A Study of Dynamic Ethnicity in the United States and the Soviet Union
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Compares the experiences of Soviet/Russian Jewish immigrants to the U.S. during two different time frames.
This ethnographic study compares and contrasts the changing ethnic identity of those Russian Jews who settled in Hartford, Connecticut between 1881 and 1930 with that of the Soviet Jews who remained in Russia after the Revolution, became Soviet citizens, and emigrated after 1975. Although both groups were labeled "Jews," their internal definitions of what constituted being Jewish and their personal experiences were radically different. Using both archival and contemporary oral histories, Betty N. Hoffman traces the stories of real people whose lives and choices were affected by both their ethnic identity and the larger movements around them as they made new homes in the United States.
Betty N. Hoffman is Adjunct Assistant Professor of Anthropology at Central Connecticut State University, Adjunct Instructor of Anthropology and Social Science at Saint Joseph College, and Project Director of Witness to War: 1941–1945: The Soviet Jewish Experience at the Jewish Historical Society of Greater Hartford.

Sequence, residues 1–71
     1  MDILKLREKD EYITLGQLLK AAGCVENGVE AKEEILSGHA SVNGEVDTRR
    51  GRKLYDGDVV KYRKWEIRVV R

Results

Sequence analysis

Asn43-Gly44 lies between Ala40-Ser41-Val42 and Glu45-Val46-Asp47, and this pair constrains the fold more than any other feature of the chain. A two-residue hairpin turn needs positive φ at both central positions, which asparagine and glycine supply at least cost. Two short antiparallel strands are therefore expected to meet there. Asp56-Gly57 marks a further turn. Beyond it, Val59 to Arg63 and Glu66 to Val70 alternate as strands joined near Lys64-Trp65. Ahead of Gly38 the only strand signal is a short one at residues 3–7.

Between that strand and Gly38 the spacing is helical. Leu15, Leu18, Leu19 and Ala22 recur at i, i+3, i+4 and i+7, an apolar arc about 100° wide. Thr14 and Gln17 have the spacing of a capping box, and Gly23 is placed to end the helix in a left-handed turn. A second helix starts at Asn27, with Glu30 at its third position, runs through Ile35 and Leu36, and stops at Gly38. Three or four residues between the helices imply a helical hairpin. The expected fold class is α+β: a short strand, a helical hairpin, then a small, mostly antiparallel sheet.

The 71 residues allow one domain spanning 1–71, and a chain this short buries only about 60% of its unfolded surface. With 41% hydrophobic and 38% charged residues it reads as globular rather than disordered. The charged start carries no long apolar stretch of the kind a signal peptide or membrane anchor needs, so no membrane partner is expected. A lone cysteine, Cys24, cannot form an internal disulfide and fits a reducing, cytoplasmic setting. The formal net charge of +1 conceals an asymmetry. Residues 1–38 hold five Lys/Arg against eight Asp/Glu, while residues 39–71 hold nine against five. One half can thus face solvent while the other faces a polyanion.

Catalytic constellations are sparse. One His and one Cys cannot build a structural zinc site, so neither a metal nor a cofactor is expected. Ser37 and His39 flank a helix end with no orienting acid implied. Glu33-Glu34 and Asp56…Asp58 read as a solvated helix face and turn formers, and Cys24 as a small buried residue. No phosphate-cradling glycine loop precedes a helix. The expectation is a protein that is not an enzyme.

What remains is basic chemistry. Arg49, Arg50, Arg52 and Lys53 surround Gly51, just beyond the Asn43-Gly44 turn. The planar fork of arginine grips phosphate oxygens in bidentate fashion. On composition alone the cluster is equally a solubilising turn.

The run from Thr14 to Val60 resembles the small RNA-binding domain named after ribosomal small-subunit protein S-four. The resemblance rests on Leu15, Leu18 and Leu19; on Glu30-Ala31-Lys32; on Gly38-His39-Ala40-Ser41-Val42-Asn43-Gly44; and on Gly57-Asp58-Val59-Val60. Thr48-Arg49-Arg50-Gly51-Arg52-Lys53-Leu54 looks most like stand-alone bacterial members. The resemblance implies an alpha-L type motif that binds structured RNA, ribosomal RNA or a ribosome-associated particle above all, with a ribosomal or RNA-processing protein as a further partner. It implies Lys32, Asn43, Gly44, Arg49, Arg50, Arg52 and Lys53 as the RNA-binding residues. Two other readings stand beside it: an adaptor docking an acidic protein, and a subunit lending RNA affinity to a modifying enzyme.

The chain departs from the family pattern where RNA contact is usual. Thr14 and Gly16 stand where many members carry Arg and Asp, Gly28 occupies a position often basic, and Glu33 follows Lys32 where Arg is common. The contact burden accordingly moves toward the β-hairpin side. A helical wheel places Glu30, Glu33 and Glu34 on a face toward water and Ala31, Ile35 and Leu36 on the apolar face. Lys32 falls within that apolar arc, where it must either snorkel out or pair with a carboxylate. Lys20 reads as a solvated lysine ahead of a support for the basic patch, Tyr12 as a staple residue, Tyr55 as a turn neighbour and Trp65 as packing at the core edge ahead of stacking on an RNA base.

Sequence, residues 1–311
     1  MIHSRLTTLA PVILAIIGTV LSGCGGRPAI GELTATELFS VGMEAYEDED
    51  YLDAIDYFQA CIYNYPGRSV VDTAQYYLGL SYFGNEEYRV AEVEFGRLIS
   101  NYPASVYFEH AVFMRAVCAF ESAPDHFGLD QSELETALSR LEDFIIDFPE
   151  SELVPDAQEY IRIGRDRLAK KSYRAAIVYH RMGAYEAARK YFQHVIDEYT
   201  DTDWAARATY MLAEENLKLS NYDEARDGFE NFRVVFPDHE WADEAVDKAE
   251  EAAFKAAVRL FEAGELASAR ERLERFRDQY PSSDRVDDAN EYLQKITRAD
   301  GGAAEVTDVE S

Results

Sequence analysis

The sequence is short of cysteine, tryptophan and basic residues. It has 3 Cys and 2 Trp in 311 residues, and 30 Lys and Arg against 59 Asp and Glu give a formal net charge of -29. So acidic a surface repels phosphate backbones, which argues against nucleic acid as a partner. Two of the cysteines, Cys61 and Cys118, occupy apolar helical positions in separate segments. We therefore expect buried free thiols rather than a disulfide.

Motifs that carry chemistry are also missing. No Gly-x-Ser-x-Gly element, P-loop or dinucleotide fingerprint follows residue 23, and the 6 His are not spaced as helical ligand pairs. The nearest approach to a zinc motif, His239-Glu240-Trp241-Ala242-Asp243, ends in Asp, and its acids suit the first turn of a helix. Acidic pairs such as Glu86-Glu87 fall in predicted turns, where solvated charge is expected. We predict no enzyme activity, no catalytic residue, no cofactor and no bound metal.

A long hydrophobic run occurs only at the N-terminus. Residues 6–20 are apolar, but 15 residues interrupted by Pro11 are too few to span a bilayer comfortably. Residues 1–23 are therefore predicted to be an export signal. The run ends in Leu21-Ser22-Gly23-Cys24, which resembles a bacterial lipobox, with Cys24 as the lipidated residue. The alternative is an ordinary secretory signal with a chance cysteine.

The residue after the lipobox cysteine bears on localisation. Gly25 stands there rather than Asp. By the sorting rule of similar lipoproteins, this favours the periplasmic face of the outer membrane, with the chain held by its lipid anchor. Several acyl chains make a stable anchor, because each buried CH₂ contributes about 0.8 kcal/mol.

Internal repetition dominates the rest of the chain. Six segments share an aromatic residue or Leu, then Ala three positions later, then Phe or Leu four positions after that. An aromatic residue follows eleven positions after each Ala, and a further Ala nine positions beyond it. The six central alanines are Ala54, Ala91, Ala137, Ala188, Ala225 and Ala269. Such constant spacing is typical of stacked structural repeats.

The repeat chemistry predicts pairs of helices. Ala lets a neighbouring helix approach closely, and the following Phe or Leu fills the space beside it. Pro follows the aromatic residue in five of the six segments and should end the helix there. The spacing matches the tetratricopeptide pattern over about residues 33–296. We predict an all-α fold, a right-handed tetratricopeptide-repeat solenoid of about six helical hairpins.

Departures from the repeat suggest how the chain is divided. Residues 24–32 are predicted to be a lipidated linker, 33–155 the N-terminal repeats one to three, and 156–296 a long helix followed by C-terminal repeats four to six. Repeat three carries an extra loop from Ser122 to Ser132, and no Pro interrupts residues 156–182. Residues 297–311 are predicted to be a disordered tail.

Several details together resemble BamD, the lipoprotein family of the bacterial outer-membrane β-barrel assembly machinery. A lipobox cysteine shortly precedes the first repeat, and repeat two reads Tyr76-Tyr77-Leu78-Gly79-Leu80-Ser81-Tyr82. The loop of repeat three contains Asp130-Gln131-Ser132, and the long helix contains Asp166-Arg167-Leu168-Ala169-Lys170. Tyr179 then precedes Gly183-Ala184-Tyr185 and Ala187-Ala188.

"The book provides detailed accounts of various aspects of life in the former U.S.S.R. and the adjustment process in the U. S., especially Hartford. It provides a good background as to how changes in both Russia and America affected the 'old' East European American Jewish community and the ex-Soviet 'New Americans.' " — Walter P. Zenner, editor of Persistence and Flexibility: Anthropological Perspectives on the American Jewish Experience